The return of David Bowie

The return of David Bowie

Trevor Nichols, News Editor

Music legend David Bowie released his first album in ten years, The Next Day, on March 12. After a decade of Bowie’s supposed retirement, the album is a magnificent comeback.

The cover art is comprised of a simple white square imposed on top of the artwork of Bowie’s classic 1977 album, Heroes. The album cover’s simplicity creates a stark contrast with Bowie’s flamboyantly theatrical glam rock past, and establishes the self-referential reflective tone scattered throughout the album.

On the whole, the album is fairly dark. From the first song’s mocking chorus—shouting “Here I am, not quite dying,”—to the final song’s haunting tune, “Heat,” Bowie reminds the world that he is still alive, and still a songwriting master. The creepiest song on the album may be “Valentine’s Day,” a song that, at first, appears to be about the holiday but upon further inspection describes a mass shooting. However, the track “Love is Lost” carries the album’s dark intensity best, with a buildup supported by a relentless riff that gradually sharpens as the song goes on.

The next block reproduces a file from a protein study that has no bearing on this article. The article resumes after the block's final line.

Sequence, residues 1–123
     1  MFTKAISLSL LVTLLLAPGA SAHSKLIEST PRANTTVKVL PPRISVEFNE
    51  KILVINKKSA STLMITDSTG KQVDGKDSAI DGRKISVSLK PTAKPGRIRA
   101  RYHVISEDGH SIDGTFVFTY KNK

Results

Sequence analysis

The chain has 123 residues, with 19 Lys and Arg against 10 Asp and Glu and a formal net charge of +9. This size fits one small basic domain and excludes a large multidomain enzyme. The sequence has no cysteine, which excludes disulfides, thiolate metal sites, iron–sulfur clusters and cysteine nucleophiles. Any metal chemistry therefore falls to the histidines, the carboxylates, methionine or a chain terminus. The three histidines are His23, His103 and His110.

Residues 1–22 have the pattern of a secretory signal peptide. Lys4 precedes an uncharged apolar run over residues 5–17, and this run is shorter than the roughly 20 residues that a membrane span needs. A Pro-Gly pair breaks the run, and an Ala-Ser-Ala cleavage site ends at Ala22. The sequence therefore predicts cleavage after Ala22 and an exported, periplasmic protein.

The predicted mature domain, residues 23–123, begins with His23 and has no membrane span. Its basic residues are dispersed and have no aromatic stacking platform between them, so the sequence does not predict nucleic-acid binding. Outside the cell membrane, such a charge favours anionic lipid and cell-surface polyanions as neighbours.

The biggest change of pace in the album is the touchingly reflective “Where Are We Now,” which trades in the intensity found throughout the rest of the album for a mournful, pensive tone. Besides bringing powerful emotion, “Where Are We Now” showcases Bowie’s famous voice well on an album that in some places neglects Bowie’s greatest asset.

The album’s greatest weakness is probably the tendency of some of the songs in the middle of the album to skew away from Bowie’s lyrical skill set and towards the psychedelic. The song “If You Can See Me” in particular sacrifices some of Bowie’s talents in exchange for novelty and strangeness. However, even the weakest songs fit well with the rest of the album, creating an effective flow from start to finish.

The Next Day does not just achieve greatness because it marks the comeback of David Bowie. Though it plays effectively off of Bowie’s past work—for example, the second-to-last track, “You Feel So Lonely You Could Die,” ends with the same drumbeat that starts Bowie’s famous album Ziggy Stardust—it also stands alone as a masterpiece, by going off in new directions and creating a musical universe of its own.

Much has changed in popular music culture since Bowie’s last appearance in 2003, but The Next Day still feels the same as any other great Bowie album. The album’s message is best summed up by Bowie’s own words in the track “Love is Lost”—“Your country’s new, your friends are new, your house, and even your eyes are new…but your fear is as old as the world.”